In Germany, where so far no such restitution law exists, heritage experts and art dealers are watching this case with keen interest. The German authorities have come under fire for their indifference towards last November’s disclosure, by a popular magazine, of 81 year-old Cornelius Gurlitt’s secret cache of over 1500 art works in a Munich flat. Many hundreds of the works are suspected of being Nazi-looted treasures. Until now, no complete list of the hidden canvases, which customs officials have kept under lock and key for two years, has been released. In response to outrage from Jewish organisations as well as the governments of Israel, the UK and the USA, the new culture minister Monika Grutters, recently proposed the establishment of an independent centralised body to deal with restitution and provenance issues. And last week, the German government announced it was considering a law, proposed by the justice minister, permitting families to recover works of art stolen from them during the war or else acquired from them under duress. The main feature of the new law would be the removal of the 30 year statute of limitations, which has prevented anyone claiming their possessions since 1975. Given that most of the original owners of Nazi-looted art works were either murdered in German death camps or have died of old age, it all seems too little, too grudging, too late. Had the scandal of Cornelius Gurlitt’s secret treasure trove not focused international attention on Germany’s shameful indifference to matters of restitution, would the government ever have decided to do the right thing ?

Hounding Amanda Knox’s supporters

I’m sure I cannot be the only person to notice one of the more disturbing aspects of the Meredith Kercher murder case. That is, how many observers around the world, most of them wholly unconnected with these events, have joined forces to vilify Amanda Knox, her alleged killer, as a ruthless, degenerate liar undeserving of sympathy or understanding.  Equally chilling is the Knox haters’ readiness to excoriate anyone who doubts or questions Knox’s role in Kercher’s murder. Those attacks, naturally enough, have been carried out anonymously, almost wholly online, through social media. It is clear when you read several long established blogs, forums and twitter feeds dedicated to the memory of Meredith Kercher, that anyone outside the anti-Knox camp, is regarded as an enemy of truth and justice and ipso facto also condemned to eternal hell and damnation.  Anyone who rightly claims that Knox’s and Sollecito’s role in the murder has so far not been proven without reasonable doubt, has been come in for often vicious abuse and charged with belonging to a conspiracy to cover up the truth of Knox’s guilt.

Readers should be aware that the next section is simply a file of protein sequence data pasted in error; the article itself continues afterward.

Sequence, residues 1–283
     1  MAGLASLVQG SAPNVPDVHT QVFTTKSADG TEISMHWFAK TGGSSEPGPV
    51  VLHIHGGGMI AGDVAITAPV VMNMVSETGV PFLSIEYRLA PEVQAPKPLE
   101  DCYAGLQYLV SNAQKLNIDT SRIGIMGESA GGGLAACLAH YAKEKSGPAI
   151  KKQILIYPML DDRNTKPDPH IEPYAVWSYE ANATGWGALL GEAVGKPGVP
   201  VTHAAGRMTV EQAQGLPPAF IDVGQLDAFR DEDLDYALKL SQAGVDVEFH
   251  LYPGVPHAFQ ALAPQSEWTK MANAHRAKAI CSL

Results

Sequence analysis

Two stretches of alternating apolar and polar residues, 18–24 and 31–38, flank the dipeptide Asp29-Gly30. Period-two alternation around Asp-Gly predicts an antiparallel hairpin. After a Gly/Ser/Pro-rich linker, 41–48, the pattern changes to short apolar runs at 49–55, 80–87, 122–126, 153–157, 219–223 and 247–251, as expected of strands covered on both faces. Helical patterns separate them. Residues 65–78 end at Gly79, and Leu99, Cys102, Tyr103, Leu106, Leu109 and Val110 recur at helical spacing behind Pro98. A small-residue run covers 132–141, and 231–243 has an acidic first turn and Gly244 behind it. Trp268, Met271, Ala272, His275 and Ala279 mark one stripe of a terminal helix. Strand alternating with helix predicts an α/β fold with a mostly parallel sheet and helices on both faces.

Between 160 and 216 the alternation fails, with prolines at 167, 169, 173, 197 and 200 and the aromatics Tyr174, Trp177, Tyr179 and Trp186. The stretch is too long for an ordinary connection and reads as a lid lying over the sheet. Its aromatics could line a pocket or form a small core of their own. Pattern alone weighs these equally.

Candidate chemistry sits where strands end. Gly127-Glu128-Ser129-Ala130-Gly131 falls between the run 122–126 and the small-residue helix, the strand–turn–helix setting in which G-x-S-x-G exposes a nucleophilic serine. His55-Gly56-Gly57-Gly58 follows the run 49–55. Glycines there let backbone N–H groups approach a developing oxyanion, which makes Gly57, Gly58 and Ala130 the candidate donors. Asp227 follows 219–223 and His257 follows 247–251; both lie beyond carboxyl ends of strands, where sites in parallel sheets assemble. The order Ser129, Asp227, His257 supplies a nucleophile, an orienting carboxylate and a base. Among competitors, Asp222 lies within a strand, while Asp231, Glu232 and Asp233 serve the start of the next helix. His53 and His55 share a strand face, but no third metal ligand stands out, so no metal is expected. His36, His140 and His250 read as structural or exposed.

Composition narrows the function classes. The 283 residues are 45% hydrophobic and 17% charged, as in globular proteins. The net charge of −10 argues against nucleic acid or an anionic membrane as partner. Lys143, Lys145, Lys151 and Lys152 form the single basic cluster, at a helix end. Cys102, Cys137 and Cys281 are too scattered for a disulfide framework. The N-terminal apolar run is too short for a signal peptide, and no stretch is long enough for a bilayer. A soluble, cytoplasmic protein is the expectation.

One such alleged “conspirator” , the American crime author Douglas Preston,  is a prime example of character assassination by the world’s Knox-haters. Preston’s treachery, according to his enemies, is to have given an interview to the website of the Seattle Post-Intelligencer in which he said he thought Amanda Knox was innocent. His other crime was to have written a true account of his own investigations with a fellow Italian journalist, Mario Spezi, into a series of grisly murders allegedly committed by the so-called “Monster of Florence” during the 1970s and 1980s. The identity of the monster has never been proven. The reason for the Knox-haters’ attacks on Preston and Spezi, both of whom I have interviewed in the past, long before the Kercher murder, is that both men became involved with the Chief Prosecutor of Perugia, Giuliano Mignini, who eventually headed the investigation into Kercher’s murder. In previous years, Mignini had been involved in probing the Monster of Florence murders: in their book, The Monster of Florence, both authors cast doubt on the soundness of Mignini’s investigation, especially his theory that the killings were part of  Satanic rituals carried out by high-ranking members of a local  cult. Mignini ordered the arrest of Preston and Spezi and both men were charged with attempting to derail his investigation. Preston was arrested in Florence and hauled up for interrogation by Mignini. Although charged with various offences, he avoided imprisonment and returned to the US. Spezi wasn’t so lucky. After lengthy interrogation, he was imprisoned in Perugia’s grim Capanne jail for over three weeks before Mignini bowed to worldwide public pressure and released him, but not before he was charged with numbers of crimes including the allegation that he was the Monster of Florence. While Spezi was soon cleared of all charges, ironically, Mignini was himself subsequently charged and convicted of abusing his judicial powers. None of this has prevented Knox haters from praising Mignini’s investigation into Kercher’s murder or continuing to accuse Spezi and Preston and anyone connected with them, of being criminals.